The process reduces the heat requirement to only 200 degrees Celsius, which introduces enormous potential for energy savings. That “one-pot” notation is also crucial. Methane, ethane and propane all come out of the Earth together in natural gas. Currently, they must be separated before the heat-driven process can begin, With the new catalysts, no separation will be necessary. This means that methanol could become significantly cheaper to harvest than it already is. More importantly, these findings signify that methanol conversion will be able to weather the inevitable price increases that will result as demand for natural gas supplies multiplies.

Periana says the process is three years from commercialization. Reports Chemical & Engineering News:
The team is in discussion with several companies and entrepreneurs and would ideally like to jointly develop the technology with a petrochemical company or spin off a startup.

Periana also claims that “Initial targets would be higher-value, lower-volume commodity chemicals such as propylene glycol or isopropyl alcohol directly from propane.” He told reporter Stephen Ritter:

The next target could be to develop lower-temperature processes for higher-volume chemicals, such as converting methane to methanol and ethane to ethanol or ethylene as inexpensive sources for fuels and plastics.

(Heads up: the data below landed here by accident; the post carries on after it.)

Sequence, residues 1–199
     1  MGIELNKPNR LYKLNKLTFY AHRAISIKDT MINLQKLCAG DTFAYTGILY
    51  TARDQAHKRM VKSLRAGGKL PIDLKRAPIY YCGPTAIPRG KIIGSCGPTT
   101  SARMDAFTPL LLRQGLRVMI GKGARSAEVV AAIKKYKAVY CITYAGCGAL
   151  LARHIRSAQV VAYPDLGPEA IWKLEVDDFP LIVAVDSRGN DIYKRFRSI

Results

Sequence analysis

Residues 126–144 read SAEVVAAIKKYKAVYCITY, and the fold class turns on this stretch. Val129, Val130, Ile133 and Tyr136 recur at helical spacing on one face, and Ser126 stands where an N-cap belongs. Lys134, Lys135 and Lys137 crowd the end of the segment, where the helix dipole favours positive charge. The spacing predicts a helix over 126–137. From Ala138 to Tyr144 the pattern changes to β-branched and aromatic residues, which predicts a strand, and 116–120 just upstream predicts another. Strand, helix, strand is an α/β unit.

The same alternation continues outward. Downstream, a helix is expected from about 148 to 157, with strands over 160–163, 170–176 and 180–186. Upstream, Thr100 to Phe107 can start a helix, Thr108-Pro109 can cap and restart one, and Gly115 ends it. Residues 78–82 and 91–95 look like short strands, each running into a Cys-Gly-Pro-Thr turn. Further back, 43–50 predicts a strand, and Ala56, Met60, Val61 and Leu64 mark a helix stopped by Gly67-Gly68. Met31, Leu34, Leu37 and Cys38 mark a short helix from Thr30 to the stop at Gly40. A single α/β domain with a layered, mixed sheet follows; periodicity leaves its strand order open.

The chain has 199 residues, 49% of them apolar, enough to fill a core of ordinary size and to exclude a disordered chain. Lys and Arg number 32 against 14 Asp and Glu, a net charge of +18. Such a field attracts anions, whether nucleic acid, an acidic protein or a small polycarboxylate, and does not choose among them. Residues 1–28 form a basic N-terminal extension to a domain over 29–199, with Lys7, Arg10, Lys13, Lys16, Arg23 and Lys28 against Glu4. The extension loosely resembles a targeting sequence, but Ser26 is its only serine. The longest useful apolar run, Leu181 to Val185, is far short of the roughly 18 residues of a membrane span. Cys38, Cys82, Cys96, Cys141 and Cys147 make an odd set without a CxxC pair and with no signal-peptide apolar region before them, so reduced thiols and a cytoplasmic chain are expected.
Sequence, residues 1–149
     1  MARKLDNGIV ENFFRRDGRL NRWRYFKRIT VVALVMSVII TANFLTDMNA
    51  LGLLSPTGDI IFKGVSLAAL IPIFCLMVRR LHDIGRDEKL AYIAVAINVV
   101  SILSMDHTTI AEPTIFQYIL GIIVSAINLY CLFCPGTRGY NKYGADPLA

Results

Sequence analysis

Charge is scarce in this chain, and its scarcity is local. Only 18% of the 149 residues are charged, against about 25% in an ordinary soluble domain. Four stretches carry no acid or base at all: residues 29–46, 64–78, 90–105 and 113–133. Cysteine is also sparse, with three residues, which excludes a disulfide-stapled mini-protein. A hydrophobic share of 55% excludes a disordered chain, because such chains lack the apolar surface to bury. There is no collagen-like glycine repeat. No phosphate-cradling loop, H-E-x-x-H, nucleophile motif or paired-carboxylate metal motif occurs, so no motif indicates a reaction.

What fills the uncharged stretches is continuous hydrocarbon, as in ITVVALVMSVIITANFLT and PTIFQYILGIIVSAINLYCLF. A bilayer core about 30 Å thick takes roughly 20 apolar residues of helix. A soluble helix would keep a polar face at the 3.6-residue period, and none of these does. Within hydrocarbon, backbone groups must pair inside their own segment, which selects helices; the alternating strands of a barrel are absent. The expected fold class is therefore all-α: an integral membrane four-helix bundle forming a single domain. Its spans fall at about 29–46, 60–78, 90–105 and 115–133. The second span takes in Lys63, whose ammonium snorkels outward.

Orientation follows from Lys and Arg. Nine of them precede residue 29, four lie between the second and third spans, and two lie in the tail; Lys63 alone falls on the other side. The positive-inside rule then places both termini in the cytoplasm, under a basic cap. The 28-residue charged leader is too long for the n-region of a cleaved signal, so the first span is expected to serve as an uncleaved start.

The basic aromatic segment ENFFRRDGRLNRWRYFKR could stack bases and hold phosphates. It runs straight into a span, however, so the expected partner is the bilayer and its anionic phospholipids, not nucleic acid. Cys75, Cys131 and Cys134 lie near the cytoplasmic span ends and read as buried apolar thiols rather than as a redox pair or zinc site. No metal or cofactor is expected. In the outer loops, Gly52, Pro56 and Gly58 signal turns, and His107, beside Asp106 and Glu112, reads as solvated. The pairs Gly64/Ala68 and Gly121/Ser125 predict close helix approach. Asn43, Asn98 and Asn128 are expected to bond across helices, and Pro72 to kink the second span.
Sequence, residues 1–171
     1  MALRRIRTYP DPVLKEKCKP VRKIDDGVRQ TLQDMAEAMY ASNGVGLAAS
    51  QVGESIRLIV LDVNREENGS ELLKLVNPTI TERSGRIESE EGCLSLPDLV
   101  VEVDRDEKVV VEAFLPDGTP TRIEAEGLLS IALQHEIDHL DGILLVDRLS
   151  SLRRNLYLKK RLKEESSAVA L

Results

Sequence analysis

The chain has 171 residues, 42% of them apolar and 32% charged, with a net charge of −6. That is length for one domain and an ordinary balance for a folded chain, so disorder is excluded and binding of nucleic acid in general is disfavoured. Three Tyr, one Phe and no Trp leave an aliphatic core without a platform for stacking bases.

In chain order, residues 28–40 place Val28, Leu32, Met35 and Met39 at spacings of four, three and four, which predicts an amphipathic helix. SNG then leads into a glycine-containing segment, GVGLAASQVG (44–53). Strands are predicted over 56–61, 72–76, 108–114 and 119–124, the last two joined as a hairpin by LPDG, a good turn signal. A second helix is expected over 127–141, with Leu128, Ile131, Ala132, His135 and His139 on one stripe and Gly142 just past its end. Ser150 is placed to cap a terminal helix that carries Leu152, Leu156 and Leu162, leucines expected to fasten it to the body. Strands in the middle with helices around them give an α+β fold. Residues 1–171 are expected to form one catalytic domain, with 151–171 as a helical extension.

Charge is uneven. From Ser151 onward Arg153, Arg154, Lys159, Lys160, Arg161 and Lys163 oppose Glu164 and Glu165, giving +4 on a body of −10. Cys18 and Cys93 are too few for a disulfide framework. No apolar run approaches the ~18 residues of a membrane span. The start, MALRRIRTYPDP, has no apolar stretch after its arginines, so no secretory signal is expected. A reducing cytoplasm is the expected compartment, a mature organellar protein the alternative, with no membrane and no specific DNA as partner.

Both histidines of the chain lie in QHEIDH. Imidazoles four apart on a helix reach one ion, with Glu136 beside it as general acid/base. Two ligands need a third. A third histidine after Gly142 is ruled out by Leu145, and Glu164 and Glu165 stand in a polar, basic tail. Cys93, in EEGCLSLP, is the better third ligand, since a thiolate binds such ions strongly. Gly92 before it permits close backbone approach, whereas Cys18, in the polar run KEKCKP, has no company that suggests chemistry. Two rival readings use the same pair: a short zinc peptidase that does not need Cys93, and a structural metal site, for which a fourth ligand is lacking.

An enormous portion of the world’s energy consumption is still tethered to oil, particularly the transportation sector, where oil constitutes 80 percent of consumption. As oil becomes more and more difficult to find, natural gas use is escalating. In addition, 25 percent of the world’s gas is still flared off because it has been uneconomical to capture. All this could change rapidly if a low-cost conversion to methanol becomes a reality. Reuters grasped the implications of this development when it reported that the new catalytic processes “could lead to natural gas products displacing oil products in the future.”

Can Sochi Lead To A New Alternative Energy Coalition?

During the late 1980s, I had the good fortune, thanks to the Rockefeller Foundation, to lead and facilitate an Aspen Global Forum between Russian and U.S. leaders in Sochi; the site of the present Olympics. The subject was economic development in the then already fragmenting, Soviet Union.

Sochi was beautiful but back then was a relatively small resort city for vacationing Russian nomenklatura. I have three memorable funny stories (at least for me) related to Sochi. I will try linking them, for better or worse, with the need for alternative fuels.